3. Gambler's Paradise
  4. The Golden Temple (doubles as a bank)
  5. Viaduct of the Merchant Princes
  6. Vergadain's Treasury
  7. Dwarven Mint
  8. Gilded Palm Thieves' Guild
  9. The Songhearth
  10. Drunken Guttar Inn & Stables
  11. Odzak's Emporium (trinkets and misc magic)
  12. The Wishing Well
  13. Clan Silverhelm Trading House (portal to Sigil)
  14. Rilkkaz Chasm (leads to Soot Hall)
  15. The Wanderer's Gate
  16. Ironridge Gate
[/sblock]
 
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Strongale Hall: Adventure Site & My Adventure

In describing Strongale Hall, I've kept in mind that in addition to my own use of it for my adventure, I want to design it as something other DMs could use (or I could reuse) for different adventures.

Strongale Hall: as an adventure site
[sblock]There are several design elements I've been working on to make Strongale Hall usable (and reuseable) however a DM wants. These elements include:
  • Site descriptions & Map, with special challenges/encounters baked right in
  • NPC descriptions, with a Sayings of Vergadain Table for extra flavor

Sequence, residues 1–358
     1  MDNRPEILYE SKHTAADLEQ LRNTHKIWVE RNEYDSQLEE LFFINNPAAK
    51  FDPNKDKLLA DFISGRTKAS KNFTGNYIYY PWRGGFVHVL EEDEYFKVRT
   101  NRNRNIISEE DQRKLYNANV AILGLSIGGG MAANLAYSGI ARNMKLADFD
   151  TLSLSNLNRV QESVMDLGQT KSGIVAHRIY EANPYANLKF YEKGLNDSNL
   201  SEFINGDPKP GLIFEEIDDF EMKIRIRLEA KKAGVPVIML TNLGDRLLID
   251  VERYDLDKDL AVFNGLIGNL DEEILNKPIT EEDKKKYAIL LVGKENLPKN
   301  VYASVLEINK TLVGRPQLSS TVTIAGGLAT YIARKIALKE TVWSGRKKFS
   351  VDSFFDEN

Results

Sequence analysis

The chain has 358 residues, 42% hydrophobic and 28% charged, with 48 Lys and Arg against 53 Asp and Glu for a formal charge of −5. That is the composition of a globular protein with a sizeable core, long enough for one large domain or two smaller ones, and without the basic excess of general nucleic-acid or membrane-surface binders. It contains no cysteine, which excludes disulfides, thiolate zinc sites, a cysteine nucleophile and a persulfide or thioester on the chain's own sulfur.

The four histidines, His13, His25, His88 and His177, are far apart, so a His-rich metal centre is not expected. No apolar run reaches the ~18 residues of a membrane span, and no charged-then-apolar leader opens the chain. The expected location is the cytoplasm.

• Random Encounter Table, with entries slightly modified to account for the Rift adventure called out as such, and suggestions for what to replace them with if you're not using my Rift adventure
  • Hangover Situation Table, for the hilarity
  • Riddles of Vergadain Table, for handling riddling matches with dragons or dwarven guardians
[/sblock]

Strongale Hall: as my adventure uses it
[sblock]Layered on top of the site are particulars to my adventure, including:
  • Adventure Background which explains current conflict with Rift and Ironridge, as well as the fallout of the scheming of the Tiefling Atanishan and the sabotaged treasure.
  • 3 Villains (Greedy Dwarf, Shadow Fiend, Violent Minder) unique to my adventure and what their goals and plans of attack are.
  • Clues scattered in eight areas that reveal how (and what exaclty) Vergadain knew of the Rift in advance, as well as a lead about who in Sigil would know more.
[/sblock]


I'm going to describe each area of Strongale Hall in some detail over the next several posts. As always, any critique, feedback, or crazy ideas are welcomed :)

NPC Notation
I use a similar notation to the way Planescape NPCs were succinctly described in 2e:

Name (Pe, Pr, Pl, or Px/ gender race / class level or HD/ alignment/ faction if any)

Pe = petitioner
Pr = prime
Pl = planar